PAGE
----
Jamestown, New York-based photographer Catherine Panebianco compresses the space between family memories and her life at present through her series, No Memory Is Ever Alone. The moving collection features vast landscapes and unoccupied rooms with Panebianco’s continued intervention: in each shot, she holds up a photographic slide of her family in a similar location, juxtaposing the decades-old visual against a current-day backdrop.
Beyond capturing loved ones in moments of joy—many feature her mother, who died in recent years—the film reminds Panebianco of a holiday tradition. Her dad “used to bring out a box of slides that he photographed in his late teens and early 20s every Christmas and made us view them on an old projector on our living room wall telling the same stories every year,” she writes in a statement. “It was a consistent memory from a childhood where we moved a lot and I never felt like I had a steady “place” to live and create memories.” Imbued with nostalgia, the new images bind the threads of family memory and tradition with the histories of her parent’s lives and now, her own.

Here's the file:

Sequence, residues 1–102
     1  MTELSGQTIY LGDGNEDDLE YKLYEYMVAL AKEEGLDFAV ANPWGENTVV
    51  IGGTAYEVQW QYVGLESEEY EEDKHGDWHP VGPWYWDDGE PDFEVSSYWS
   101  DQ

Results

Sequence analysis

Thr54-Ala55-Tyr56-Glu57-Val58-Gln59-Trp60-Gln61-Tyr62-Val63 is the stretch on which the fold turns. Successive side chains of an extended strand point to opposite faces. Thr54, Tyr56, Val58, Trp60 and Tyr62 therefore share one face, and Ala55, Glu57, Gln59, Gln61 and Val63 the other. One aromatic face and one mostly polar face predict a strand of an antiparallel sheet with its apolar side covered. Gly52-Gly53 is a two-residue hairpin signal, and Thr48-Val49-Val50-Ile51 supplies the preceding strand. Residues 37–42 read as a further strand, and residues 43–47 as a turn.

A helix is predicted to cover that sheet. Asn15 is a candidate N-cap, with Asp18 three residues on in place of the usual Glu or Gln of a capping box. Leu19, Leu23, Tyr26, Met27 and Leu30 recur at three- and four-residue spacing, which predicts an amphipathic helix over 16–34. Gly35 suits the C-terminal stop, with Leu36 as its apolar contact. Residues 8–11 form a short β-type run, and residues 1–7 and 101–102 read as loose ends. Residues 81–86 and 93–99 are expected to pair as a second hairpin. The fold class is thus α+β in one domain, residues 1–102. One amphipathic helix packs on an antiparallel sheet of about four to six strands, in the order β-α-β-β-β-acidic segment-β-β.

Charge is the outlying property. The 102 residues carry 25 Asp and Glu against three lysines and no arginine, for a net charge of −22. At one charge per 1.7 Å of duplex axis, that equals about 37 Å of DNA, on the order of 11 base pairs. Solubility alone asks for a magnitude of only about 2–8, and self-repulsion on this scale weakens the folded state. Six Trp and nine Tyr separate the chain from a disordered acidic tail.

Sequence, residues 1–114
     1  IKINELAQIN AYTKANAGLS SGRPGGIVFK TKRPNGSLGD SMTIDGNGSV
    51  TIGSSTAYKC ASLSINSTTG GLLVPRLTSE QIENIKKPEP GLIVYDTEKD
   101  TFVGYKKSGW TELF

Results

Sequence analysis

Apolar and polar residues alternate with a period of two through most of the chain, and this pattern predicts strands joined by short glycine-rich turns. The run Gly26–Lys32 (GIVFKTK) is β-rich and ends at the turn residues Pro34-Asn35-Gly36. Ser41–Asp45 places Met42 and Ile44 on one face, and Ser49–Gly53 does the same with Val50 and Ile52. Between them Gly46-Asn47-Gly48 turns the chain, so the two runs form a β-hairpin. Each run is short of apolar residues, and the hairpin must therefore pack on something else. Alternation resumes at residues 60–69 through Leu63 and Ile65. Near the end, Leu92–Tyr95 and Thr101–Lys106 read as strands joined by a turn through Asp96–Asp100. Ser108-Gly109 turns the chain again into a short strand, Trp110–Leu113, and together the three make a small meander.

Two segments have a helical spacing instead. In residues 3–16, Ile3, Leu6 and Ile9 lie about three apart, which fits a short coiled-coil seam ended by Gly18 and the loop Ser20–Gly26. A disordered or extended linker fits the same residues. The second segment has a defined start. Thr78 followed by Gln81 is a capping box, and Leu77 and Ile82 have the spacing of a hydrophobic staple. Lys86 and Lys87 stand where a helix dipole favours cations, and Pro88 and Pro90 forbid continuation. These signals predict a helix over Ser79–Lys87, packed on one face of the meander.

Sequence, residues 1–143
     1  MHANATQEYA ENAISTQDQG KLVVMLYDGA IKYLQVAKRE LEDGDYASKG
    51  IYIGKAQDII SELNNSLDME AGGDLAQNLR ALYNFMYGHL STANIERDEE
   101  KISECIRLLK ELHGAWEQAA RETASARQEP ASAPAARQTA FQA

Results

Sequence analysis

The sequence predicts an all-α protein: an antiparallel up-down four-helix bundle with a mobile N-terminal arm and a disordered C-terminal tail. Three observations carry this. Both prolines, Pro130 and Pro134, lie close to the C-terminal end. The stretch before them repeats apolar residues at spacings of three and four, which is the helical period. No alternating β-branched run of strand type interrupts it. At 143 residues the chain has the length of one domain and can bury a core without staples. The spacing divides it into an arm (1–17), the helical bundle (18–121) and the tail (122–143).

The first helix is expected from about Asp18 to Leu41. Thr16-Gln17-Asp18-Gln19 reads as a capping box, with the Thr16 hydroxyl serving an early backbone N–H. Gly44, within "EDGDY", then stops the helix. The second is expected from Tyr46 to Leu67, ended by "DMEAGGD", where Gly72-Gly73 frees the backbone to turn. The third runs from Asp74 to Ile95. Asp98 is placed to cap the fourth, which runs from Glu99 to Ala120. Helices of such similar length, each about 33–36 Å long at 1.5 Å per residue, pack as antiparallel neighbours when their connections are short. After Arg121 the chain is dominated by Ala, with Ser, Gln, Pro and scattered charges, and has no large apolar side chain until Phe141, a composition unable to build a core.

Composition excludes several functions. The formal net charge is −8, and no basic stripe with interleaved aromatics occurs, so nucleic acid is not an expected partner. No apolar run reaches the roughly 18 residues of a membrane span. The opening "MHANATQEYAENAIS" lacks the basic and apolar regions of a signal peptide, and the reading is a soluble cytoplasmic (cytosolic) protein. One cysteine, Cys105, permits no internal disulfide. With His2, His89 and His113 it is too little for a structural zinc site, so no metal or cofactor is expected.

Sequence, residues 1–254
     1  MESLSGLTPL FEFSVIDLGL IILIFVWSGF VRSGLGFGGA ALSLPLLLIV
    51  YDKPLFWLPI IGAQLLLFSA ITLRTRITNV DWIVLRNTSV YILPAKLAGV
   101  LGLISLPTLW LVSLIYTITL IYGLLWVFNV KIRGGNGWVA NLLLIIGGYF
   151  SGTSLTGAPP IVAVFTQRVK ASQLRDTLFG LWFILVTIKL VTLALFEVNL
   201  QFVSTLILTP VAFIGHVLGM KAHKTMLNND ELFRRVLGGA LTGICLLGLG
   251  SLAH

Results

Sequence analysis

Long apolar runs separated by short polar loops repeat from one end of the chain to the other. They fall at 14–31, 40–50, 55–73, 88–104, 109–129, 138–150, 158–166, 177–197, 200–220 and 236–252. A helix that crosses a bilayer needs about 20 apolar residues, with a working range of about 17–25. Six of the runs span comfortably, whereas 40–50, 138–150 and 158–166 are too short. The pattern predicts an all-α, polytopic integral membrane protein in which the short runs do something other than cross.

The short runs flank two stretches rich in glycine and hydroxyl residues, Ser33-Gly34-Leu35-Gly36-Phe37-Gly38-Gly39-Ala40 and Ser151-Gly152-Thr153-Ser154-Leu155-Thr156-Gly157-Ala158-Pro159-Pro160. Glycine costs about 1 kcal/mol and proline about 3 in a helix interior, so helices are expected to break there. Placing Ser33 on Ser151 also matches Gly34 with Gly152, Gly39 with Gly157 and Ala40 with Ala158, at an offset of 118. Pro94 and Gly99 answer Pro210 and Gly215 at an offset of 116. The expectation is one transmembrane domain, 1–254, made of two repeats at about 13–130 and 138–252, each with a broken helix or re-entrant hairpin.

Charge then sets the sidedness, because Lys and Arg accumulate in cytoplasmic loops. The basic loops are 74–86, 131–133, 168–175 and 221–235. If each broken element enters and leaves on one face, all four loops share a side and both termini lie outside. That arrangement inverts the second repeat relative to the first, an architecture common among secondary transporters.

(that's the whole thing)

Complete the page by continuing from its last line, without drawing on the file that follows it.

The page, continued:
Panebianco chose to recreate each shot manually rather than using Photoshop to place one on top of the other. “Part of the process that was necessary for me was to find the right location and feel my dad’s slides united with how I live today—a place within a place, a memory within a memory,” she says.
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